I wish to make several major points here. Some will deal with your response to critics such as John Robbins, while some will go beyond that. I hope you take this criticism in the spirit in which it is intended—which is to help right what I see as a dreadful wrong being done, especially to the young people who’ve seen Thrive and who may choose to believe it without thinking critically about exactly what it is you’re asking them to accept.

You are not a bad person. You are an intelligent, thoughtful, well-meaning person with a very deep desire to help make the world a better place. This much has been extremely obvious from the get-go. If I met you in person I think I’d like you, and you might be surprised to find that I am considerably less nasty or trollish than some of your fans seem to think I am. But, Mr. Gamble, you’re wrong. You’re as wrong as you can possibly be, and you’re becoming part of the problem—you’re not helping us get to a solution. I’m just a blogger on the Internet. I don’t have the resources or clout at my disposal that you do, and I don’t claim to be an activist trying to save the world. But I’m not alone in my criticisms of your film; some very prominent people feel the same way I do.

What is the basis of John Robbins’s disagreement with Thrive?

In your statement, Mr. Gamble, I believe you have seriously mischaracterized the nature of John Robbins’s disagreement with your movie. Your statement yesterday, and previous statements made by you responding to critics of the film, seem to indicate that you think the main basis of disagreement is political—that the film is caught in the traditional left-right divide that you say you want to transcend. This is not the case, and it’s very clear from Mr. Robbins’s statement that this is not the case. He says:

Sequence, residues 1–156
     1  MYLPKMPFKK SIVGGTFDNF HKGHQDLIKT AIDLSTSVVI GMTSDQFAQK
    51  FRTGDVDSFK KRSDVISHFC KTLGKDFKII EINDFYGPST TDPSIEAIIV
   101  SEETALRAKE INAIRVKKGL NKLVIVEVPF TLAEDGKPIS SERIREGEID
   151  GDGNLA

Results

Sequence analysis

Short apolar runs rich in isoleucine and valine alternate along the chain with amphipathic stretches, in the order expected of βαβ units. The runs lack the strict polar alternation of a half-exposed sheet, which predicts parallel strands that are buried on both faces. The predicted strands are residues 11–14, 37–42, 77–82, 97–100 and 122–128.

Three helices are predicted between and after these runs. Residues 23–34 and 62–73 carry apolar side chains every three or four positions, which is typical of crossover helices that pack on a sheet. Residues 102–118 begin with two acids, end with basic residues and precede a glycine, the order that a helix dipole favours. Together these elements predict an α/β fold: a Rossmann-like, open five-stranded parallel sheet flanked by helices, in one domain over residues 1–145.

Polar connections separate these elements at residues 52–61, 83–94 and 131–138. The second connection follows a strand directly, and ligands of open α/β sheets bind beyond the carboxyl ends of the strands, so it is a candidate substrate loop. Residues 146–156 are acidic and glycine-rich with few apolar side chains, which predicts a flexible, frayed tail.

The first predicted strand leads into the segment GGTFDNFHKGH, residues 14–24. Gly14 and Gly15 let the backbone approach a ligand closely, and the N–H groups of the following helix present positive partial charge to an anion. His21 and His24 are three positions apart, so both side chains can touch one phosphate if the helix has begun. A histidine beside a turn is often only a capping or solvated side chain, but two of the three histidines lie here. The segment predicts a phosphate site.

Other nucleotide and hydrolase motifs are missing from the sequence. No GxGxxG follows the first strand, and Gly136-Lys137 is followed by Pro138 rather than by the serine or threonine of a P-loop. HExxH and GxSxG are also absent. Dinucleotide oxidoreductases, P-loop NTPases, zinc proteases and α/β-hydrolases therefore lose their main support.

“[T]he Thrive movie and website are filled with dark and unsubstantiated assertions about secret and profoundly malevolent conspiracies that distract us from the real work at hand.  The conspiracy theories at the heart of Thrive are based on an ultimate division between “us” and “them.”  ”We” are many and well-meaning but victimized.  “They,” on the other hand, are a tiny, greedy and inconceivably powerful few who are masterfully organized, who are purposefully causing massive disasters in order to cull the population, and who are deliberately destroying the world economy in order to achieve total world domination….If the ills of the world are the deliberate intentions of malevolent beings, then we don’t have to take responsibility for our problems because they are being done to us.  Thinking this way may provide the momentary comfort of feeling exonerated, but it is ultimately disempowering, because it undermines our desire to be accountable for the way our own thoughts and actions help to create the environmental degradation and vast social inequity of the world in which we live.”

Your response was:

“We believe this is an uninformed and dangerous interpretation that undermines people’s ability to recognize the power we have to change the dynamic.